say at least 24 people have been killed in renewed anti-government protests across syria. four children were said to be among the demonstrations that take place after a friday prayer. it is estimated 14000 people have died in the uprising against president al-assad since march. a spokesman for syria's foreign ministry said the president was appalled and saddened by the ongoing violence. during a press conference he also called on the international community to help syria find an exit to the crisis. >> we are appealing to the outside world and our brothers all over the world to help syria through this and to stop in sight met -- and to stop inciting people, pressuring, ching. this is not helping syria. if you affect this area institutions, there will be no ability to build the state. >> syria is still under international pressure. >>> a fierce fire ripped through a hospital in india, killing at least 90 people. many of them were patients who became trapped. it took firefighters in calcutta five hours to get the blaze under control, and fleeing medical staff are accused of abando
in nuclear-powered? welcome to "gmt." also in the program -- new moves to pressure syria as the u.n., russia signals willingness to condemn bashar al-assad. bradley manning, the u.s. soldier accused of stealing secrets to wikileaks is about to make his first court appearance. it is midday in london, 4:00 p.m. in moscow and 9:00 p.m. in tokyo where the prime minister told his nation the fukushima plant is now stable. nine months after the earthquake and tsunami which devastated the area, he said it is now in -- the plant is now in cold shutdown. but the disaster is likely to haunt japan for decades. roland berger reports from tokyo. >> explosions -- since explosions shook the nuclear plant, the reactors were pushed into meltdown after being engulfed by a huge tsunami. now the government announced that workers at the power station achieved their goal. it is in a state of cold shutdown and the leaks of radiation have been substantially reduced. >> since i took office, i have been saying that for japan to be reborn, fukushima has to be saved. the nuclear power plant accident needed to be stabili
," reporting from washington. as the violence continues to wage and syria, the warning comes that the death toll could be above 6000. just days after u.s. forces leave, iraq faces political crisis as the prime minister calls for the vice president to be handed over for trial. the american city on the brink of bankruptcy and the residents who refuse to give vent to an economy and in crisis. -- give in to an economy in crisis. ♪ a blast from the past, they thought it was lost for nearly 40 years but a rare recording of 8th bowie classic is rediscovered. -- a bowie classic is rediscovered. welcome to our viewers on tbs in america and around the globe. the white house says they are as deeply disturbed by reports that as many as 250 people have been killed since the start of this week. their most recent condemnation comes as human rights campaigners say that more than 6000 civilians have died since the uprising began in march. that is much higher than the u.n. estimate. this report contains some graphic images. >> the violence is obviously getting worse as these pictures being sent in by ordin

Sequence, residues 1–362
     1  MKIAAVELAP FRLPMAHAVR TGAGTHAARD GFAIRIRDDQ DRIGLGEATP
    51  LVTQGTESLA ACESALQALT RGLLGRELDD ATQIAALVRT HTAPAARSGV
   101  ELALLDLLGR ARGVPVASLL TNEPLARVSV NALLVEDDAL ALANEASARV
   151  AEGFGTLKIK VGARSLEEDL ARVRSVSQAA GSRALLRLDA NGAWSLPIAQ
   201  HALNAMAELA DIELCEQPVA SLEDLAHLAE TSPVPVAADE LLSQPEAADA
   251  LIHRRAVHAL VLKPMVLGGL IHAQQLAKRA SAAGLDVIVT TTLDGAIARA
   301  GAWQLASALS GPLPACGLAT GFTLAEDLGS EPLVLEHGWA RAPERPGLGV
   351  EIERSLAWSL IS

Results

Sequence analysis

the arab league got a firsthand look today at open rebellion in syria. the arab officials journeyed to the battered city of homs, where the military pulled back and up to 70,000 protesters turned out. we begin our coverage with this report from independent television news, narrated by alex thomson. >> reporter: the arab league delegation, possibly all that now stands between syria and civil war, hearing it straight from the people of homz. they beg the observers to come to a district that has seen heavy fighting here. they're led by this man. and the observers seem to mean business. they went. they got here, too. "we want the president executed" they chant. tens of thousands gathered to protest here peacefully against the regime. the regime which had already pulled heavy armor out of the ancient city very publicly before the observers arrived. and after that, volleys of tear gas from the syrian army trying but failing to stop people reaching today's mass rally in town. >> we withdrew early but the rest of the time we're hidden in government buildings in the area. we feel very optimi